One of Melbourne's most beautiful green spaces, the Royal Botanic Gardens has surprises hidden in every leafy corner. Discover the best natural wonders, events and dining the gardens have to offer. 

Seek out a volcano in the city 

Did you know Melbourne has a volcano hidden in plain sight? Built in 1876, Guilfoyle’s Volcano looks like a decorative garden straight out of the 18th century and is super practical. The volcano recycles and stores nearby storm water, bio-filtering it through the wetlands. Built on the highest peak in the landscape, it uses gravity to circulate water to the gardens. Handy. 

Visit a desert cacti garden 

A stark contrast to the lush greenery that fills the RBG, the Arid Gardens bloom with striking aloes. Over 3000 cacti and succulents pepper this desert landscape, a new addition in 2020. As you wander through the garden, ponder the importance of these hardy drought-resistant plants in our warming climate.

Two women walking through a cacti garden.
Arid Gardens

Play in the Children’s Garden

Even the littlest of nature lovers will find magic in the Ian Potter Children’s Garden. A space designed for kids of all ages, the garden is filled with activities for intrepid explorers. Pack their bathers for a splash under the water fountains. Or let them get their hands dirty digging in the veggie garden. Note: the Children’s Garden is currently closed for winter and will reopen on Saturday, 3 September.

Find serenity in Fern Gully 

Fern Gully has three lush meditative spaces, perfect for solo contemplation. The highlight of the Wellbeing Gardens is the Bird’s Nest, where you can breathe in the green surroundings in a suspended swing chair. There’s also the sheltered grotto, and a Japanese-inspired moss garden. Sit atop stone seats and unwind before the central ‘mother stone’ fountain.

A woman walking through a fern filled park.
Fern Gully

Run The Tan 

From shufflers to elite athletes, the jogging track surrounding the gardens is a favourite destination for Melburnians wanting to escape the gym. Universally known as The Tan, this broad path is kind to knees because it’s surfaced with fine gravel. The only exception is the challenging Anderson Street hill. Covered in asphalt, it inclines about 30 metres over a distance of 300 metres. Gasp! Run in good company with the Saturday morning Run Club.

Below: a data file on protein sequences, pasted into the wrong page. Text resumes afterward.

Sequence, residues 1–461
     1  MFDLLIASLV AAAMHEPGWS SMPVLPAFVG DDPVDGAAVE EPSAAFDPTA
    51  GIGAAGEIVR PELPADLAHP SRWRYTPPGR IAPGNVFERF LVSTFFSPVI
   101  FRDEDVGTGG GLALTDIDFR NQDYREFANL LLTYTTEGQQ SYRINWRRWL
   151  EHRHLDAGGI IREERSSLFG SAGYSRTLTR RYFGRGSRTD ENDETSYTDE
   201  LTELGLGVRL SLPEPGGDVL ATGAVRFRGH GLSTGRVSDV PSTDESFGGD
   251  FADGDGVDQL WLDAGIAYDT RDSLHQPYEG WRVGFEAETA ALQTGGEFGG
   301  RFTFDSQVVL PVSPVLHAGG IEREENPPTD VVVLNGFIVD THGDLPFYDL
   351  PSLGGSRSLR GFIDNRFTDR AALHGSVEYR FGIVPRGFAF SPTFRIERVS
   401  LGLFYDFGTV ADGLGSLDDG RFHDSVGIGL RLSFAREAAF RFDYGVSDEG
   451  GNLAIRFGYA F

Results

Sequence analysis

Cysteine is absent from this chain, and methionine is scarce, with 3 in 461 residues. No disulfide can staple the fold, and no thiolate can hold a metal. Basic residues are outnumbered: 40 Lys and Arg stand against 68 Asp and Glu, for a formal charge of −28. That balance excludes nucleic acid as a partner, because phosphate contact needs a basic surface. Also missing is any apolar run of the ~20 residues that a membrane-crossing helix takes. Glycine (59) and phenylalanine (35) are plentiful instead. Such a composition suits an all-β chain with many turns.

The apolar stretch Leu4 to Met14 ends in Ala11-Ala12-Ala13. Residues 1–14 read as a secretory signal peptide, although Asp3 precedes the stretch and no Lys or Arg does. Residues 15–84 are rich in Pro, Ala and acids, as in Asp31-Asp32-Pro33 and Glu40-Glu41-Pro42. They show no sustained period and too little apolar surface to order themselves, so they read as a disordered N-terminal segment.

High tea in the gardens

What better setting for an elegant high tea than among the greenery at the Royal Botanic Gardens? Jardin Tan's high tea starts with a glass of bubbly and features classic nibbles like scones with jam and cream. For something more whimsical, head to the Gardens House for a Botanical Wonderland High Tea. Tuck into a miniature edible garden served on a bed of chocolate 'soil'.

Go Punting on the Lake 

See the gardens from a different angle with a cruise on an English-style punt around the Ornamental Lake. Discover picturesque islands and bays of the lake while learning about the history, wildlife and plants on this unique chauffeured experience. Running through the warmer month only, this is a stunning photo opportunity. And did we mention you can bring your dog?

A couple on a boat surrounded by trees as a man paddles standing up.
Punting on the Lake

Find virtual reality art 

Did you know these lush gardens are filled with hidden virtual reality art? Download the free Seeing the Invisible app to uncover 13 immersive virtual works and turn the gardens into a gallery. Look out for creations by local and international artists including Ai Weiwei.

Take a walking tour

Explore the vibrant gardens on a free guided walking tour. Discover natural flora and fauna as you wander through rolling landscapes, towering trees and glittering lakes. Or get a deeper understanding of our shared environment on the Aboriginal Heritage Walk. For thousands of years, the site of the Gardens has been a significant meeting place for the local custodians of the area, the Boonwurrung and Woiwurrung people of the Kulin nations.

A woman walking through a greenhouse filled with plants.
The Tropical Glasshouse

Accessibility 

Travelling on wheels? All areas of the gardens are accessible by wheelchair and walker, except the Melbourne Observatory buildings and Fern Gully. Walkers, motorised and manual wheelchairs are welcome on guided tours and hire is available. Check out the Access Map to find your nearest accessible parking spaces and toilets throughout the gardens. For more information on accessibility, visit the website or contact the Visitor Centre

Botanical Hotel

The Botanical Hotel is known for its welcoming atmosphere, fine food and wine store.

Domain Brasserie

Great coffee and all day eatery with views of the Royal Botanical Gardens.

Jardin Tan

Delight in delicious bites and drinks in a welcoming space with its own dine-in herb/veggie garden.

The Terrace

A little cafe in the Botanical Gardens with picturesque views and scones to die for.

Last updated on Mon 15 Aug 2022

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